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When asked to choose between two competing theories, A and B, each of which fits the facts, people will sometimes resort to asking questions like, "Which theory is the more probable?" or "Which theory is simpler?" or even "Which theory involves the least upset to all my other beliefs?" Well, what about, "Which is the less weird theory?" Could weirdness (that is, something like distance from everyday experience) count as a good criterion on which to endorse one theory over another? Einstein seems to be appealing to some idea like this in the comment that God doesn't play dice. And would it be fair to say that many philosophers appeal to something like this when they reject panpsychism?

Philosopher John Haugeland once offered a sort of counterpart to Ockham's razor: "Don't get weird beyond necessity." (from "Ontological Supervenience," 1984, Southern Journal of Philosophy pp. 1—12.) Of course, the hard part is spelling out what weirdness amounts to and why it counts against a hypothesis. For example: Ockham's Razor tells us not to multiply entities beyond necessity: it stands in favor of parsimonious theories. Panpsychism is certainly weird, but from one point of view it's parsimonious: it says that there aren't actually two kinds of physical things (conscious and unconscious) but only one. Does the weirdness swamp the parsimony? If so why? So as a quick and dirty rule of thumb, "Pick the less weird theory" seems fine. As a serious methodological rule, it may need some work.

What is the panel's response to the philosophic community's ad hominem attacks on Rebecca Tuvel and her article in Hypatia? There was no engagement of her ideas at all, and the editors of Hypatia were forced to remove her article and publish an apology, merely because Ms Tuvel asked uncomfortable questions.

I just wanted to clear up an important point. The article was not removed. It is still in the journal, including the online edition, and it will stay there. I'd suggest reading this piece http://www.chronicle.com/article/A-Journal-Article-Provoked-a/240021 which gives a clearer picture of the review process of the journal itself. In particular, it makes clear that the associate editorial board doesn't make decisions about what gets published, and isn't involved in the day-to-day operation of the journal. I will leave it to others to discuss more substantive issues.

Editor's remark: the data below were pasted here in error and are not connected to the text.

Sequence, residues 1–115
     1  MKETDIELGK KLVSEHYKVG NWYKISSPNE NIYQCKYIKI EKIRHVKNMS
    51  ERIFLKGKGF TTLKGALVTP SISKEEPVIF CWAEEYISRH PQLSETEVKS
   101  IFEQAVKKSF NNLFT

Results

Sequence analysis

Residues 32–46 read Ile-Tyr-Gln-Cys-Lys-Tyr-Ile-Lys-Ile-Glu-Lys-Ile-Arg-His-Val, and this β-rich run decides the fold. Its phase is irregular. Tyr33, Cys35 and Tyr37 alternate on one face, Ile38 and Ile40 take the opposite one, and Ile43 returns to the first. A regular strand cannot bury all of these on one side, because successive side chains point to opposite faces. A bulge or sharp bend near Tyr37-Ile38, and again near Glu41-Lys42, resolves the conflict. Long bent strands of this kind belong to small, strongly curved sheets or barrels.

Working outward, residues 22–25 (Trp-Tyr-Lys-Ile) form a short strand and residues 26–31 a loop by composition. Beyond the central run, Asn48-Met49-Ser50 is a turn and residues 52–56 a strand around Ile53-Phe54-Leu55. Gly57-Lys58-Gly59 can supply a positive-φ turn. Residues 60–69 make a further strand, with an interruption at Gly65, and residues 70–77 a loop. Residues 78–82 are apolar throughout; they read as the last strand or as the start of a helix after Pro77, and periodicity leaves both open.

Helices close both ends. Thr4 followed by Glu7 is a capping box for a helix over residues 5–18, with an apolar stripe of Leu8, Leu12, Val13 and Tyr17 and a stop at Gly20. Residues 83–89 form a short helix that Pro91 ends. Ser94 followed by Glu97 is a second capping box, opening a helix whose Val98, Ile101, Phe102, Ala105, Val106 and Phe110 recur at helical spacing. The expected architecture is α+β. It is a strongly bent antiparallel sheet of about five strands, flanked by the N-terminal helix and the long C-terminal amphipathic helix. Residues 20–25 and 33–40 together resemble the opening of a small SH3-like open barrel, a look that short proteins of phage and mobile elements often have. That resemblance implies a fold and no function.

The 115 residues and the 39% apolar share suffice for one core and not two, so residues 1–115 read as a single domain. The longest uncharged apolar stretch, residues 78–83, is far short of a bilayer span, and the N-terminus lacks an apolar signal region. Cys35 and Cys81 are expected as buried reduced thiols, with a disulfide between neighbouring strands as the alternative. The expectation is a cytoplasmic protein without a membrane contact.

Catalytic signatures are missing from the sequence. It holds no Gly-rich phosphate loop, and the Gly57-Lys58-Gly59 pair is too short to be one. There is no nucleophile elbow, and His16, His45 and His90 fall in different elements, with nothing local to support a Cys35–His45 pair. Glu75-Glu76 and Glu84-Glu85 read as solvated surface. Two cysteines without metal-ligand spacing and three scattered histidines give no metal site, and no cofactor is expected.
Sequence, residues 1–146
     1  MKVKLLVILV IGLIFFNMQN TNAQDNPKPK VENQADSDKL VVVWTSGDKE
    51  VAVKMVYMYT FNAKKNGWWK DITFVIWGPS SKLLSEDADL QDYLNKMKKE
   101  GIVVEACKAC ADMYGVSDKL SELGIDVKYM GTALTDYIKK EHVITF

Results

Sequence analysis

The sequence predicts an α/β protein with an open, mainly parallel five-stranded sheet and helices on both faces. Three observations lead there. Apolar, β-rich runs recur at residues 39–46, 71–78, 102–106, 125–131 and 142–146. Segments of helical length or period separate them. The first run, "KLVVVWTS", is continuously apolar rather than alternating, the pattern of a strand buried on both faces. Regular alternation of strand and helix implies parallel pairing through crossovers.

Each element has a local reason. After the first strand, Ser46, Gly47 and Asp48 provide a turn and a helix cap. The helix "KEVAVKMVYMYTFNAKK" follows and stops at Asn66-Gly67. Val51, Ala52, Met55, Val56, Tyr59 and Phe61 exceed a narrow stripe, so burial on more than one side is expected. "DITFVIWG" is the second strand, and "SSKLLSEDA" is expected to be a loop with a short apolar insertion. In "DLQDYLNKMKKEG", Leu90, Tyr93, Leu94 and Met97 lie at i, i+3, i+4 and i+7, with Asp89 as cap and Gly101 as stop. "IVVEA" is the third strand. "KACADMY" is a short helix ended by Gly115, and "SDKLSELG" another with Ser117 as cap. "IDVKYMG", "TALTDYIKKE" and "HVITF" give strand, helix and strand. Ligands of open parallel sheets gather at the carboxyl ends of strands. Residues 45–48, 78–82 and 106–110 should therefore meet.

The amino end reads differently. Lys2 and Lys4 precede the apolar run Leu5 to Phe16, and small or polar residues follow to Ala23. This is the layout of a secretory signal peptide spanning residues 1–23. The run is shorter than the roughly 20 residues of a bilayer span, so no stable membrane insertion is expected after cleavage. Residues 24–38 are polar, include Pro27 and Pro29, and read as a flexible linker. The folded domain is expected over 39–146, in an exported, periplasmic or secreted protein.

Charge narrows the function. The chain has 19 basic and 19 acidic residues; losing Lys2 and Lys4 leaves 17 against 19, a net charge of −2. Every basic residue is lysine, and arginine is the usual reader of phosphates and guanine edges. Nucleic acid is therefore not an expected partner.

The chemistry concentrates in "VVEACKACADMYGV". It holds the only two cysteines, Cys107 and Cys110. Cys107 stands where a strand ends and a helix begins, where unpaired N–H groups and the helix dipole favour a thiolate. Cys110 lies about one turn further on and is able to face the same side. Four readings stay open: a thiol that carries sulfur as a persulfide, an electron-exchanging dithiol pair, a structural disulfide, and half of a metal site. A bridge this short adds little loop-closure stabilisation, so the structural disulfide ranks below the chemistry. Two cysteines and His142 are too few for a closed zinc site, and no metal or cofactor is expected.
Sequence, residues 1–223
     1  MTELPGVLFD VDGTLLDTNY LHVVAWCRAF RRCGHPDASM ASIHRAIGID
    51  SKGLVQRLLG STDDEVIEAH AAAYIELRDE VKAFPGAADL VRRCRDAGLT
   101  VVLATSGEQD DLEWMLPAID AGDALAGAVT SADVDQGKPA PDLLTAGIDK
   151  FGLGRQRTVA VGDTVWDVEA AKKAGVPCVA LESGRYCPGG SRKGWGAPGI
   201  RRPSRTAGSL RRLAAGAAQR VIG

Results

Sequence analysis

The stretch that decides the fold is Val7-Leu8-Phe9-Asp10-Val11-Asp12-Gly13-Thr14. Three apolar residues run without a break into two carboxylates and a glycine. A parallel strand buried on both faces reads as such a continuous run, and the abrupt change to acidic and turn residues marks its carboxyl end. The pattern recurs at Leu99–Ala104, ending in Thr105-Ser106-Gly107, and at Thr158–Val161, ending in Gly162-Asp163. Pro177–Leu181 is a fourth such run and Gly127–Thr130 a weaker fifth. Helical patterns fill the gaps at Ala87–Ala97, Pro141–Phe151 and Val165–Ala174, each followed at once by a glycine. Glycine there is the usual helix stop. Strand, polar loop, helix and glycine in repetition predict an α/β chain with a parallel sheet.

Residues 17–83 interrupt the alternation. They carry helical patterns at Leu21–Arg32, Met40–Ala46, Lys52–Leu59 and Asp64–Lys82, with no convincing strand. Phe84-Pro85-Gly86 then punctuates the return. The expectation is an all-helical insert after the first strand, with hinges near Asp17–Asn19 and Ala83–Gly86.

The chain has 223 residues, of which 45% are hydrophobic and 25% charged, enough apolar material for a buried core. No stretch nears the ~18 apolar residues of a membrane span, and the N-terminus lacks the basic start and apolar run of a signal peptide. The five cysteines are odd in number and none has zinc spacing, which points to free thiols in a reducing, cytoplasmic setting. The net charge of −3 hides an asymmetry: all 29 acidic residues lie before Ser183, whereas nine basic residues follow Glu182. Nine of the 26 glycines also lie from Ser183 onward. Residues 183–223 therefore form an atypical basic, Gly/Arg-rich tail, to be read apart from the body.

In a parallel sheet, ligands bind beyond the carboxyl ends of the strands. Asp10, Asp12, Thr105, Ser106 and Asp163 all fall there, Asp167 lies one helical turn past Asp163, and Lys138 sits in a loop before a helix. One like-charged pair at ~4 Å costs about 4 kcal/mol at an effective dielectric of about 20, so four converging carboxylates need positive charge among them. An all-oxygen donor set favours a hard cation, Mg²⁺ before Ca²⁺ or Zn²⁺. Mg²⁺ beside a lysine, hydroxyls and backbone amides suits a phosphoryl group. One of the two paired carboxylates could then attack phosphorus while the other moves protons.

Many people, like myself, think of Ayn Rand when we think of philosophy, having read her books when young, etc. Coming from this sort of background, it was surprising to me, recently, to be told that the majority of professional philosophers don't regard her as a philosopher at all, or, if they do, take little notice of her. Is that truly the attitude amongst philosophers? If so, is there any particular reason for it? For instance, is it to do with resistance to ideas that come from outside the university?

I don't know if most philosophers would say that she's no philosopher at all, but I suspect many would say she's a marginal philosopher. One reason is that however influential she may have been, many philosophers don't think she's a very good philosopher—not very careful or original or analytically deep—even if they happen to be broadly sympathetic to her views. The fact that she came from outside the academy by itself wouldn't be disqualifying, but in one sense, philosophers are not just people who engage with philosophical issues; they're people who are part of a community whose members read and respond to one another (even when they disagree deeply) and interact in a variety of particular ways. Being outside the academy tends to put you outside the ongoing conversation of that community. Whether that's good, bad, or neutral is another story, but to whatever extent "philosopher" means "someone who's a member of a certain intellectual community," the fact that she was outside the academy is part,...

It seems to me that there are two kinds of numbers: the kind that the concept of which we can grasp by imagining a case that instantiates the concept, and the kind that we cannot imagine. For example, we can grasp the concept of 1 by imagining one object. The same goes for 2, 3, 0.5 or 0, and pretty much all the most common numbers. But there is this second kind that we cannot imagine. For example, i (square root of -1) or '532,740,029'. It seems to me that nobody can really imagine what 532,740,029 objects or i object(you see, I don't even know whether I should put 'object' or 'objects' here or not because I don't know whether i is single or plural; I don't know what i is) are like. So, Q1) if I cannot imagine a case that instantiates concepts like '532,740,029', do I really know the concept, and if so, how do I know the concept? Q2) is there a fundamental difference between numbers whose instances I can imagine and those I cannot? (I lead towards there is no difference, but I don't know how to account...